S. Craig Zahler is a novelist, filmmaker, and voracious consumer of old pulp fiction. While watching his movies Bone Tomahawk, Brawl in Cell Block 99, and Dragged Across Concrete, his literary influences are crystal clear: Zahler is a Paperback Warrior kind of guy. As such, it’s only fitting that I divert from vintage fiction for a day to review his 2010 gritty western, A Congregation of Jackals.
The year is 1888, and Virginia brothers Oswell and Godfrey both receive telegrams inviting them to the wedding of James Lingham in Montana. The invitation causes the bothers much consternation because they haven’t heard from Lingham in decades. Moreover, the invitation ominously references that “all old acquaintances” will be there.
The author slow-deals the revelations and reasons why the invitation sparks worries in the invitees, but the gist is that they were once part of a group of outlaws years ago that included the groom. Things went nightmarishly wrong for the gang, and vengeance was sworn by a terrifying adversary. Everyone went their separate ways hoping to put their pasts behind them, and then the vexing invitation to a wedding arrives. The fear is that failing to travel to Montana for a reckoning might bring trouble to the no-shows and harm to their respective families.
One of the other invitees - also an alumnus of the long-disbanded outlaw gang - is a Manhattan playboy named Dicky. He’s smart, charming and funny - by far the most charismatic and relatable character in the paperback. Dicky joins the brothers on their journey westward via train and stagecoach to a wedding they’re all pretty certain will be a total bloodbath. Of course, the reader is counting on that being true, and the Montana scenes definitely don’t disappoint.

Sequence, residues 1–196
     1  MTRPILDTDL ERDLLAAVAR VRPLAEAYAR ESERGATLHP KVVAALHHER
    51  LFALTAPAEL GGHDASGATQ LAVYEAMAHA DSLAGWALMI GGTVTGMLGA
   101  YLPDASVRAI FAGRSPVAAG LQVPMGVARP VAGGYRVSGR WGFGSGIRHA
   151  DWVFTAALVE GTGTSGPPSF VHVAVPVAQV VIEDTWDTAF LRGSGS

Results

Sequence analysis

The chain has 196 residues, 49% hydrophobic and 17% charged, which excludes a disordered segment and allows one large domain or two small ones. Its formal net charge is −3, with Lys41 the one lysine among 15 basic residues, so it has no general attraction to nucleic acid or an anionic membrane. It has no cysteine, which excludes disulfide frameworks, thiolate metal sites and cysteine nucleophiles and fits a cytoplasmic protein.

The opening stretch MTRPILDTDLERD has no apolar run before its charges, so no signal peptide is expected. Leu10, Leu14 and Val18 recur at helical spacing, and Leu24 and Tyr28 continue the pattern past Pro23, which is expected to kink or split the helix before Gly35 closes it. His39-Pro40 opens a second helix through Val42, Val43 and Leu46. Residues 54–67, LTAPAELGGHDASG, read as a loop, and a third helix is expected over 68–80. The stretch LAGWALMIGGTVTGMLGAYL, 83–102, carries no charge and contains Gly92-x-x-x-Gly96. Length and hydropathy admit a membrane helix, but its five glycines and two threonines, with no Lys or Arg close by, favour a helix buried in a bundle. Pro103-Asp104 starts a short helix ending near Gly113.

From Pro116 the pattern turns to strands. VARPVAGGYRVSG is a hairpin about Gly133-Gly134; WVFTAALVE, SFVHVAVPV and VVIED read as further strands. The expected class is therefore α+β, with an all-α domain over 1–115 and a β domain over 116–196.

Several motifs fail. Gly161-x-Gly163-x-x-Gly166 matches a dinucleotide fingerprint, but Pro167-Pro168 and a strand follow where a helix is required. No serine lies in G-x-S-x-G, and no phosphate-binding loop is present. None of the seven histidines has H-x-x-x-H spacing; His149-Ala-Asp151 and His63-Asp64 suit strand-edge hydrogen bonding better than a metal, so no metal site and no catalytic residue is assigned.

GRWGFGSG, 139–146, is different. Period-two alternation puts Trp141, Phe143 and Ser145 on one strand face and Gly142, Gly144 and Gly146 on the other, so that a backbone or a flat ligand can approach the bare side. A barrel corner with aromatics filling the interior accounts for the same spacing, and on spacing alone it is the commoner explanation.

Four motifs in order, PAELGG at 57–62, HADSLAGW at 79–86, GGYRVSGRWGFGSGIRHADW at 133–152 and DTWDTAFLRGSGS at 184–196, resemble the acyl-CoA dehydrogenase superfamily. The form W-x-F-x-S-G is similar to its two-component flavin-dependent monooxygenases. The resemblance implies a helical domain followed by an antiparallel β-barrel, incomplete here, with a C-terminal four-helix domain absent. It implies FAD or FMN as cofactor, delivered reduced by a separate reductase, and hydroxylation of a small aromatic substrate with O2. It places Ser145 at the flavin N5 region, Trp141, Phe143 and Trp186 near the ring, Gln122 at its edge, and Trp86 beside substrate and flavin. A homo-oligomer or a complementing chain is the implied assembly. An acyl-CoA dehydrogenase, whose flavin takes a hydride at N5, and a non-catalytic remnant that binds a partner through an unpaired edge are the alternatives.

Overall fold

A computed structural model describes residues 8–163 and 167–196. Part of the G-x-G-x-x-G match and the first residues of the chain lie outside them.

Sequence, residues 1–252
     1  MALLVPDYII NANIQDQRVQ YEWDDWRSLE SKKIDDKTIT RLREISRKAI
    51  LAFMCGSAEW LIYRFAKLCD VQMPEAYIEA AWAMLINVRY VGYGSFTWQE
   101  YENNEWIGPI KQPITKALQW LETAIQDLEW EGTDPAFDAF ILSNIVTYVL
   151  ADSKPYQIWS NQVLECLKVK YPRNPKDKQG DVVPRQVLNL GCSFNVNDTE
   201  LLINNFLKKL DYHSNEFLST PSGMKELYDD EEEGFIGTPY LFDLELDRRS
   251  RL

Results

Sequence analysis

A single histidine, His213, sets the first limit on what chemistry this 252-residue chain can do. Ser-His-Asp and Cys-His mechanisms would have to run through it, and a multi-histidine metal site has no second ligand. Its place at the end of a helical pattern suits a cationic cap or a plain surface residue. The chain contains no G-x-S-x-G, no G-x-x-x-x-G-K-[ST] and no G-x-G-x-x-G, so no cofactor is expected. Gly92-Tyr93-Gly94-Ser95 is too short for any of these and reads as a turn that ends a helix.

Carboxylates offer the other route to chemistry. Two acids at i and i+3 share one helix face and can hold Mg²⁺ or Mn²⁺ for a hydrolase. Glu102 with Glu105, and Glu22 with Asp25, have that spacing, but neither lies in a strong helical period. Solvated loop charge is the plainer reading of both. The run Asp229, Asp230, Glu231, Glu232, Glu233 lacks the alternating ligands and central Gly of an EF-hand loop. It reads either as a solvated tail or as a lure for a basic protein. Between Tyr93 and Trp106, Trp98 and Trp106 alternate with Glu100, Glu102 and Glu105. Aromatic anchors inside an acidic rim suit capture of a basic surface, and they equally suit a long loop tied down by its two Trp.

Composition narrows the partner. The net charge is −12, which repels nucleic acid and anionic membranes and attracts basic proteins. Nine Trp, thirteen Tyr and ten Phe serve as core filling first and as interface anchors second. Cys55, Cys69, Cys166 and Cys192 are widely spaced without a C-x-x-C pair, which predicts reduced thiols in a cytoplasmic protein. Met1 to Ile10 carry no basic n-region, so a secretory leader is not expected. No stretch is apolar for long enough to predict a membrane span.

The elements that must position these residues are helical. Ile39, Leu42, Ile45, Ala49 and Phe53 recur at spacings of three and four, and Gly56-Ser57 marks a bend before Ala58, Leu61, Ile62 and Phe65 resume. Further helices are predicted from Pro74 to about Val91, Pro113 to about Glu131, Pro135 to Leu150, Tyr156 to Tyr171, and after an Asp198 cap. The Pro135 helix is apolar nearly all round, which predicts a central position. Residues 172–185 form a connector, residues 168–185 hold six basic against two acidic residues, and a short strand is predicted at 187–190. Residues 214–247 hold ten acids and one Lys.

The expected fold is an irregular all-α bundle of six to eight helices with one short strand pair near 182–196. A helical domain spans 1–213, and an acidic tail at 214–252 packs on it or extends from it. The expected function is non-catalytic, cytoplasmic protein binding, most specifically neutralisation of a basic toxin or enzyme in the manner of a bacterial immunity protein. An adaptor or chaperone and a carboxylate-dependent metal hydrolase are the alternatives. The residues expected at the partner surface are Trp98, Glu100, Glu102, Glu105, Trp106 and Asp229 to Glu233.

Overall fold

A Congregation of Jackals is a well-written and engaging paperback and the pages turn quickly thanks to the cinematic quality of the set-pieces the author creates. Mahler’s novel is also periodically violent and shocking with scenes of brutality rivaling the darkest moments of the Edge series by George Gilman with the sheen of a literature written with time and care. Admittedly, there’s a lot of build-up to the final confrontation, and some readers may find it slow at times. However, stick with it because the extended climax is really something special.
Nothing about this strong recommendation should come as no surprise to fans of Zahler’s films, and if you liked Bone Tomahawk - or the westerns of Quentin Tarantino - you’re going to enjoy the heck out of A Congregation of Jackals.
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